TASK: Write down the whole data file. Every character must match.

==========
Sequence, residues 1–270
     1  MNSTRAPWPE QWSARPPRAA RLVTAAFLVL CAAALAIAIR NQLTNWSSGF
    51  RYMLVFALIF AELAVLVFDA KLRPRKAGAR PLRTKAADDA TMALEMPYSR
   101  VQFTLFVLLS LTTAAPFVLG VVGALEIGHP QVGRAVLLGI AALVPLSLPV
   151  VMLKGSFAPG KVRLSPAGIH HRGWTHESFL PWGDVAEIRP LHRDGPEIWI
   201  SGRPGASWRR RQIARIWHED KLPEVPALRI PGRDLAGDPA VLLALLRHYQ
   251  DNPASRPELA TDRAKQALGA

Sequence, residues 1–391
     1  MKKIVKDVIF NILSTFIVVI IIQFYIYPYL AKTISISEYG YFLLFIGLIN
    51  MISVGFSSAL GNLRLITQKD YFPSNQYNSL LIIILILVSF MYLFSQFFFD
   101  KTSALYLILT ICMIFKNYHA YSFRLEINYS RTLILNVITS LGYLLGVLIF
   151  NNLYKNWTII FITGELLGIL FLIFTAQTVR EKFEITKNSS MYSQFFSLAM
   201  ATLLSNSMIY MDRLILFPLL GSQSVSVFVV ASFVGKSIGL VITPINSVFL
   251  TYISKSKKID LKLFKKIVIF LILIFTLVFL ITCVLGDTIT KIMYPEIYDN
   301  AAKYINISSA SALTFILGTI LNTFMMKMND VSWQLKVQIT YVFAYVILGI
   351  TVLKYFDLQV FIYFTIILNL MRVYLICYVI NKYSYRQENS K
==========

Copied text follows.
Sequence, residues 1–270
     1  MNSTRAPWPE QWSARPPRAA RLVTAAFLVL CAAALAIAIR NQLTNWSSGF
    51  RYMLVFALIF AELAVLVFDA KLRPRKAGAR PLRTKAADDA TMALEMPYSR
   101  VQFTLFVLLS LTTAAPFVLG VVGALEIGHP QVGRAVLLGI AALVPLSLPV
   151  VMLKGSFAPG KVRLSPAGIH HRGWTHESFL PWGDVAEIRP LHRDGPEIWI
   201  SGRPGASWRR RQIARIWHED KLPEVPALRI PGRDLAGDPA VLLALLRHYQ
   251  DNPASRPELA TDRAKQALGA

Sequence, residues 1–391
     1  MKKIVKDVIF NILSTFIVVI IIQFYIYPYL AKTISISEYG YFLLFIGLIN
    51  MISVGFSSAL GNLRLITQKD YFPSNQYNSL LIIILILVSF MYLFSQFFFD
   101  KTSALYLILT ICMIFKNYHA YSFRLEINYS RTLILNVITS LGYLLGVLIF
   151  NNLYKNWTII FITGELLGIL FLIFTAQTVR EKFEITKNSS MYSQFFSLAM
   201  ATLLSNSMIY MDRLILFPLL GSQSVSVFVV ASFVGKSIGL VITPINSVFL
   251  TYISKSKKID LKLFKKIVIF LILIFTLVFL ITCVLGDTIT KIMYPEIYDN
   301  AAKYINISSA SALTFILGTI LNTFMMKMND VSWQLKVQIT YVFAYVILGI
   351  TVLKYFDLQV FIYFTIILNL MRVYLICYVI NKYSYRQENS K